ON a hot July 25th, in 1917, Mata Hari (Margaretha Geertruida Zelle), the archetypal seductive female spy, was sentenced to death in France for spying on Germany's behalf during World War I.
The history books pretty much say she was a slut, but, the truth is she was a complicated woman doing the best she could in a world where woman were the objects of men, which I believe she used that her advantage. You see, she had been born poor in the Netherlands, but found her way out of her subservient life by answering a newspaper ad from a Dutch military officer living in Java. Of course he was an abusive asshole and that marriage didn't work out, and so she escaped to Paris where she took the dances she had learned in Indonesia with her, and created the woman we now know as Mata Hari.
Yes, she took the world by the balls, and made a name for herself in a world where stinky, bearded men with alcohol and cigar smoke on their breath, wanted a kiss, which she gave them, and the rest is history.
Was she a spy? Yes she was, definitely, she admitted it; but, the records of fact show that she was a spy for both sides. And that, my esoteric friends, her crimes was that she played both sides against each other for her own benefit, which, if she had been a man would have made her a hero; however, since she was a woman beating men had their own game, she got hanged.
ON another hot July 25th, in 1978, Louise Brown was born. She was the first in-vitro fertilized baby ever born. Before her birth, all the other "test-tube babies" had ended it failure, something the doctors failed to tell her parents at the time, but that's another story, for another day.
Louise grew up normal, and at the age of 43 she hasn't led anyone into the gates of hell, as the churches of the day had warned, but she has led thousands of woman to the Netherlands to get in-vitro vertilization, for Holland has the best success rate in Europe.
Funny, that the same religious quakes telling woman they can't end a pregnancy of a fetus the size of a grain of salt, are also against a woman having a baby without a man's thing inside of her. Makes you wonder about their whole argument. I mean, is it really about the life of a baby, or that thing between a man's legs? That thing Mata Hari knew a thing or two about.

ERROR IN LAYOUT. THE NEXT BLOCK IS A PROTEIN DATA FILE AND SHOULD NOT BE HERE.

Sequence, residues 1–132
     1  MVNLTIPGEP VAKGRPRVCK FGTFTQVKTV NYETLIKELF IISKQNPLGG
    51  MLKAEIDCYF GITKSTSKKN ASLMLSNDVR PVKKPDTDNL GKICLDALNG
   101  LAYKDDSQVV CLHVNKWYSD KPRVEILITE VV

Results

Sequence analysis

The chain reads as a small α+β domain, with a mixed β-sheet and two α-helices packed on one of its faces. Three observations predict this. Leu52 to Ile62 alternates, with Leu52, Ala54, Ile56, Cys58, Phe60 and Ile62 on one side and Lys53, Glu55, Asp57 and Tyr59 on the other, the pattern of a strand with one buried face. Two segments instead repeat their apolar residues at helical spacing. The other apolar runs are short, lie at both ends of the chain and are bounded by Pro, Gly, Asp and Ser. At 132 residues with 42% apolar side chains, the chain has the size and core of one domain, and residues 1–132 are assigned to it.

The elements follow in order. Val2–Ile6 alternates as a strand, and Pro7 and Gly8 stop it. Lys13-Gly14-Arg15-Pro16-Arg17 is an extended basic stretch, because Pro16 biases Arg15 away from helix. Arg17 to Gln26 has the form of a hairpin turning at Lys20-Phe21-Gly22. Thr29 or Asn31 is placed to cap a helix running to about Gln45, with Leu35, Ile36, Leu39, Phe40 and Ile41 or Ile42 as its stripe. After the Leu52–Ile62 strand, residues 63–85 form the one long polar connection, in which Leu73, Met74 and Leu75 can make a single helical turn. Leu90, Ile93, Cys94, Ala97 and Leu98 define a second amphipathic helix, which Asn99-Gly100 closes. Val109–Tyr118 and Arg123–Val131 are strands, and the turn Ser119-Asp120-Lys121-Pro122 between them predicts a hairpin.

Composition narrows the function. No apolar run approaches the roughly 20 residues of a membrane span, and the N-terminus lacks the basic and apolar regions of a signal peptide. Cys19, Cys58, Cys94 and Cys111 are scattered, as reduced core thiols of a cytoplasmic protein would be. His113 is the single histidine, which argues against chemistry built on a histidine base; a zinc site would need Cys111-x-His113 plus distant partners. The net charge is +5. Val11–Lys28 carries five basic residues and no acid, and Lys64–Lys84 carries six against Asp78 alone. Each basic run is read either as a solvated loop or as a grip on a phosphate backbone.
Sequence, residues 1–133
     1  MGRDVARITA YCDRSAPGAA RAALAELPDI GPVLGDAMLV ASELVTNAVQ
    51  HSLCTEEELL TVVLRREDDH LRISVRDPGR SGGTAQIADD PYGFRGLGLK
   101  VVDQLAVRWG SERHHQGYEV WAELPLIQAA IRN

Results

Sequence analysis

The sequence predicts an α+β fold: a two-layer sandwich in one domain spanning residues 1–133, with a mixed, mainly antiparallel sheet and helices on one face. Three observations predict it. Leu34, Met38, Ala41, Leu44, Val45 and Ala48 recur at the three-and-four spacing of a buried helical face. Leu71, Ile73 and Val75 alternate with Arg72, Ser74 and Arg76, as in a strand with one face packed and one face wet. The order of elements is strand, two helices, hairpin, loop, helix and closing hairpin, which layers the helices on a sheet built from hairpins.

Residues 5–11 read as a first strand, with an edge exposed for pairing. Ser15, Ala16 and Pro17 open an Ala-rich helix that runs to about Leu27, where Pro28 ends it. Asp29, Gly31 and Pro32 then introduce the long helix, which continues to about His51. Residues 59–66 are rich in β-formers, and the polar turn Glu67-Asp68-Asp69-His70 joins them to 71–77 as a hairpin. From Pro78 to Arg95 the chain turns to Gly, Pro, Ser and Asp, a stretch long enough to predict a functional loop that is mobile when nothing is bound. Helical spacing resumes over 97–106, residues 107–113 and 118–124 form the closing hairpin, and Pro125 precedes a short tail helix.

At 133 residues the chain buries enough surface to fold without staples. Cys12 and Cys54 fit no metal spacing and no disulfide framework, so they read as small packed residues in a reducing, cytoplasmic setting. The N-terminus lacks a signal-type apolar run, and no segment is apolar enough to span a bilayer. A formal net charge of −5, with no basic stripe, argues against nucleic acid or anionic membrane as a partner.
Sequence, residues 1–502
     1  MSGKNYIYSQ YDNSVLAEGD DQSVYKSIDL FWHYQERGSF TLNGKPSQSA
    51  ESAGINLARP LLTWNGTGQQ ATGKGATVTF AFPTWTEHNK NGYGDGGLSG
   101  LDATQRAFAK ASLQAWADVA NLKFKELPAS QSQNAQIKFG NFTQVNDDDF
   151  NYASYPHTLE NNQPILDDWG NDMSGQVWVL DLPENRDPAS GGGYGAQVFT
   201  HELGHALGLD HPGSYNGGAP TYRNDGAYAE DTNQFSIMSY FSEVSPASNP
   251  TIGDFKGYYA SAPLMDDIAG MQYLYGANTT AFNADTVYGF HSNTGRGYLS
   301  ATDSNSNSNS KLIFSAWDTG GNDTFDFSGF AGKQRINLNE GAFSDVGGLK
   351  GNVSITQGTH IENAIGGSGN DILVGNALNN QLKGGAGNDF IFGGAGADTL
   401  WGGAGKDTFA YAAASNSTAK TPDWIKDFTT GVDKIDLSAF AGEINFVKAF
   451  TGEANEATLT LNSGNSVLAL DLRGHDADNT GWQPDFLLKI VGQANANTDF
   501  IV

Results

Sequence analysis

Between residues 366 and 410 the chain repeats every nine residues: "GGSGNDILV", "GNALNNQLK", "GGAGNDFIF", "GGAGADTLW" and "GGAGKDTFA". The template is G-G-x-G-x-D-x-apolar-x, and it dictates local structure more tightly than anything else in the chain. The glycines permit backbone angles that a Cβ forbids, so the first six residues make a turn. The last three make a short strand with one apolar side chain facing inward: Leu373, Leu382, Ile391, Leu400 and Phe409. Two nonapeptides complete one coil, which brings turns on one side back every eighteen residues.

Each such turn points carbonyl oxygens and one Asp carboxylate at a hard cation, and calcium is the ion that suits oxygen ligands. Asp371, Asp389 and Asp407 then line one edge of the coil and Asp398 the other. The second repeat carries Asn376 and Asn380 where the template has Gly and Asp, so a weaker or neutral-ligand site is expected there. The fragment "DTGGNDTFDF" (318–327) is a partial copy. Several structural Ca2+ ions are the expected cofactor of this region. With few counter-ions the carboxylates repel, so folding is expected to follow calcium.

Speaking of which, on this day in 1984, Svetlana Savitskaya became the first person to walk in space without a thing between her legs. Yes, the first woman to dangle her thing in outer space without a thing between her legs.
|Thomas à Kempis|
My thoughts on this, well, the central themes of Kempis' book was how Jesus had risen from the death. Was he that good of a Christian? Something to think about.
In closing, as stated in Michael Farquhar's book "Bad Days in History," George Washington feared the possibility of being buried alive, and so on his deathbed he said: "... do not let my body be put into the vault in less than three days after I am dead...." Similary, the composer Frederic Chopin said as he was dying, "...swear to make them cut me open, so that I won't be buried alive."
Yes, that was a thing back then and had the name: Taphephobia. Taf of fo be ah. This is why some coffins came with air pipes to the surface, and others, had above-ground bells that could be rung from below if the occupant suddenly found himself, and it was a himself back then, alive. Other people were even buried with weapons to finish the job.
If that's not esoteric for a July 25th, I don't know what is.
~~ Eso Terry